Electric Shock Therapy or Electro-Convulsant Therapy
– Commonly referred to as Electric Shock Therapy, ECT or electroconvulsant therapy, contrary to belief, is still very much part of therapy in the treatment of affective disorders. Even some primary care physicians have said to me that they did not think this treatment was used anymore. It is particularly helpful in bipolar depression in folks over the age of 65 and for people of any age who have run out of medicine options because of side-effects or lack of efficacy.
There is much out there in popular lore that degrades this method. Among which is Ken Kesey’s “One Flew over the Cuckoo’s Nest.” Ken Kesey was hospitalized in an Oregon mental facility in 1952 when ECT was just beginning to be used world-wide for depression.
First, a brief history of ECT. In 1917 Dr. Wagner-Jauregg found that “insane” patients improved after developing infections from typhoid fever. At the time the commonest malady in asylums was the late stage of syphilis, neurosyphilis. This stage includes mania, paralysis, dementia and ultimately death. What seemed to help the manic phase was fever. Then a model involved inducing malaria to cause fever. This seemed to improve mania in neurosyphilis as well as well as patients with depression alone.
Subsequently, seizures were induced in institutionalized people with mania or depression by giving insulin to hypoglycemic levels. The danger here was of course the danger of insulin coma and death. This method was devised by Manfred J. Sakel in 1927 in Berlin specifically for schizophrenia. Called “Sakel’s Technique” it became the routine for treating schizophrenics in Vienna in 1930 and in the U.S. in 1934.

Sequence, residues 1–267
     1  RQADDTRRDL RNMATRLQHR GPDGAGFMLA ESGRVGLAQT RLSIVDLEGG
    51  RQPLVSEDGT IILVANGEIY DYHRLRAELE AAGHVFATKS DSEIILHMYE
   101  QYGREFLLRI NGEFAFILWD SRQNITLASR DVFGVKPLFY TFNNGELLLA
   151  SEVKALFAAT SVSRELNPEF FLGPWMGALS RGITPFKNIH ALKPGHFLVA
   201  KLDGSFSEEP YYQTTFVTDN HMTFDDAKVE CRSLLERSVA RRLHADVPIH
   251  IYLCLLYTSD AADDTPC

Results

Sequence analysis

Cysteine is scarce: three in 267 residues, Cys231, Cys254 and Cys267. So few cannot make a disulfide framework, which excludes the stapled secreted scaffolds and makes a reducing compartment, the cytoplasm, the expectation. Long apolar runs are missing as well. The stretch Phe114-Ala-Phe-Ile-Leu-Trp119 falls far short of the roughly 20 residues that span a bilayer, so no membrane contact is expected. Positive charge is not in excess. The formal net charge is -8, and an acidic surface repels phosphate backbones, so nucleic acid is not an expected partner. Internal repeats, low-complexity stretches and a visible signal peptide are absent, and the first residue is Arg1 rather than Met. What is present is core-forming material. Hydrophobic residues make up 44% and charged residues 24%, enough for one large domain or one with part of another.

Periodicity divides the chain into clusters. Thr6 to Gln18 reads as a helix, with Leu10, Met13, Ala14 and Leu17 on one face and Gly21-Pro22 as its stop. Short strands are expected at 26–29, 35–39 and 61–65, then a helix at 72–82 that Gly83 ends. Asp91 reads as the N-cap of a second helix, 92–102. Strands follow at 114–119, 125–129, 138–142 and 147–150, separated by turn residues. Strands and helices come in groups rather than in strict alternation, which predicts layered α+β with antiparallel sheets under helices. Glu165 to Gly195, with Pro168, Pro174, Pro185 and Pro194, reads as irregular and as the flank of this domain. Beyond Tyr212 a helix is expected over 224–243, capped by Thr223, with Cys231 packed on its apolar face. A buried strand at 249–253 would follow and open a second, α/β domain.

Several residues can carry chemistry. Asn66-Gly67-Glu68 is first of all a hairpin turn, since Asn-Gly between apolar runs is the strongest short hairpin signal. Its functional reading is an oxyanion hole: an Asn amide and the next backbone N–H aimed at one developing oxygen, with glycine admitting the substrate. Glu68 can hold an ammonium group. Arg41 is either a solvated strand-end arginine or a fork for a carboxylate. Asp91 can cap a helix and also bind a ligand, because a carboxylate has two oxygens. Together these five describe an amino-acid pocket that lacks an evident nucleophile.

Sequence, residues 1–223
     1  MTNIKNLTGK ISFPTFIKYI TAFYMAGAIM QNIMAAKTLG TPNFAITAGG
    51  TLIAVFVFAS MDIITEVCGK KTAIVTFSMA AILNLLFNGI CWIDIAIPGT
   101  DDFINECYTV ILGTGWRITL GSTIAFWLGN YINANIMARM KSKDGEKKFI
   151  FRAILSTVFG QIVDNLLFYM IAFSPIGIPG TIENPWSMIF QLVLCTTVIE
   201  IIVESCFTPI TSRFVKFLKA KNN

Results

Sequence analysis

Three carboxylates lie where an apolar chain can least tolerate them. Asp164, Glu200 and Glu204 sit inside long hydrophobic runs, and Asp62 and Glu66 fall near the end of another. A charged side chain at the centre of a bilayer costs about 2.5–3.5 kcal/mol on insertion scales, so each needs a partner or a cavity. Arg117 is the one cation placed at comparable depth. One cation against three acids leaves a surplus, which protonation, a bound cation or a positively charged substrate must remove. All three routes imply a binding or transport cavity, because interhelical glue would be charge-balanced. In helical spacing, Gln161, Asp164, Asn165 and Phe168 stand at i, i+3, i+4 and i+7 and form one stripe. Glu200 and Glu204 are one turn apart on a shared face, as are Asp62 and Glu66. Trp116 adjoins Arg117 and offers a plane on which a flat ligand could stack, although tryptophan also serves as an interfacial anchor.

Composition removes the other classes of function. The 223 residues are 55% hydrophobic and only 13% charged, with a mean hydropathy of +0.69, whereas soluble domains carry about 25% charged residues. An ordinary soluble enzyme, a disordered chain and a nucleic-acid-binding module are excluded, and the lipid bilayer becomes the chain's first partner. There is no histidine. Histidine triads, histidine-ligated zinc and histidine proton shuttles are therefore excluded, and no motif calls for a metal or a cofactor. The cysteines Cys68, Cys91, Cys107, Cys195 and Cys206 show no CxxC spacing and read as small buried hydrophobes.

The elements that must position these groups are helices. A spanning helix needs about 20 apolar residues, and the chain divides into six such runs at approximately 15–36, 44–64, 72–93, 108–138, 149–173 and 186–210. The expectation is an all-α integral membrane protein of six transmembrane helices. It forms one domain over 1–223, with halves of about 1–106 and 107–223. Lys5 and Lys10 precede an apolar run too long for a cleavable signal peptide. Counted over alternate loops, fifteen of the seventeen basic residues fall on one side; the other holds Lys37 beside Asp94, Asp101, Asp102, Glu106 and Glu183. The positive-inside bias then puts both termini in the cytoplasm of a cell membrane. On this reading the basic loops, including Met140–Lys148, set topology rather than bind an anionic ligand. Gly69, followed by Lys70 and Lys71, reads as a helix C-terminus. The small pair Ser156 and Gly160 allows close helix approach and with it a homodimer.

In Hungary Ladislau von Meduna tried various chemicals injected intravenously and found a hydrogen and nitrogen-based molecule, metrazol created convulsions. The seizures were too dangerous causing long bone fractures.
In 1937 Drs. Cerletti and Bini in Rome decided the inherent danger of insulin and metrazol could be avoided by creating a seizure using a current of electricity passed through the temples. The stigma in ECT’s infancy was the lack of sedation and lack of muscle relaxants to prevent fractures. After refining their method by use of the latter they found that eight to ten treatments on alternate days was optimal and successful in 63 % of cases of mania, depression and to lesser extent in schizophrenia. The only side-effect was short term memory loss and headache.
As mentioned ECT became used widespread in the 50’s. ECT is even considered the treatment of choice for pregnancy because of the deleterious effects on the fetus.
ECT today is performed as follows. An IV is placed. The patient is sedated with a fast acting barbiturate. By then giving a fast acting muscle relaxant no visible muscular activity occurs. So, the only evidence of a seizure is seen on an EEG and the quality of the seizure can also be quantitated. The seizure itself is created by placing a paddle over the dominate hemisphere as determined by right or left handedness. The shock is seconds only. The fast acting agents are reversed or now have such a short half-life as to reverse on their own. From start to finish the whole procedure lasts less than five minutes. The patient is observed in a recovery unit until fully awake. Headache `is transitory and responds to Tylenol. If nausea occurs it can be treated sublingually by ondansetron (generic for zophran). There may be some muscle tenderness.
In my case back in 1973 during my first major depression the only medications were tricyclics which were in effective so I had ECT. I was feeling half-way back to euthymic after the first three treatments. Another five were performed as an out-patient and I was right back to work in medical school. My second depression in 1976 was treated with all treatments as an outpatient. I wanted quick fixes in both cases. In the 1976 episode I was back to my medical residency after only four weeks. Three subsequent episodes of major depression were successfully treated with the new medications such as SSRIs, SNRIs, Lithium and new age anticonvulsants such as Lamictal.
If you think I am alone, here are some people who have had ECT: Dick Cavett (TV host), Palo Coelho (author), Thomas Eagleton (U.S. Senator), Carrie Fisher, Ernest Hemingway, Vladamir Horowitz (pianist), Vivian Leigh, Yves St. Laurent,
Another observation is that the higher the level of cognition, the more likely an individual will respond to ECT.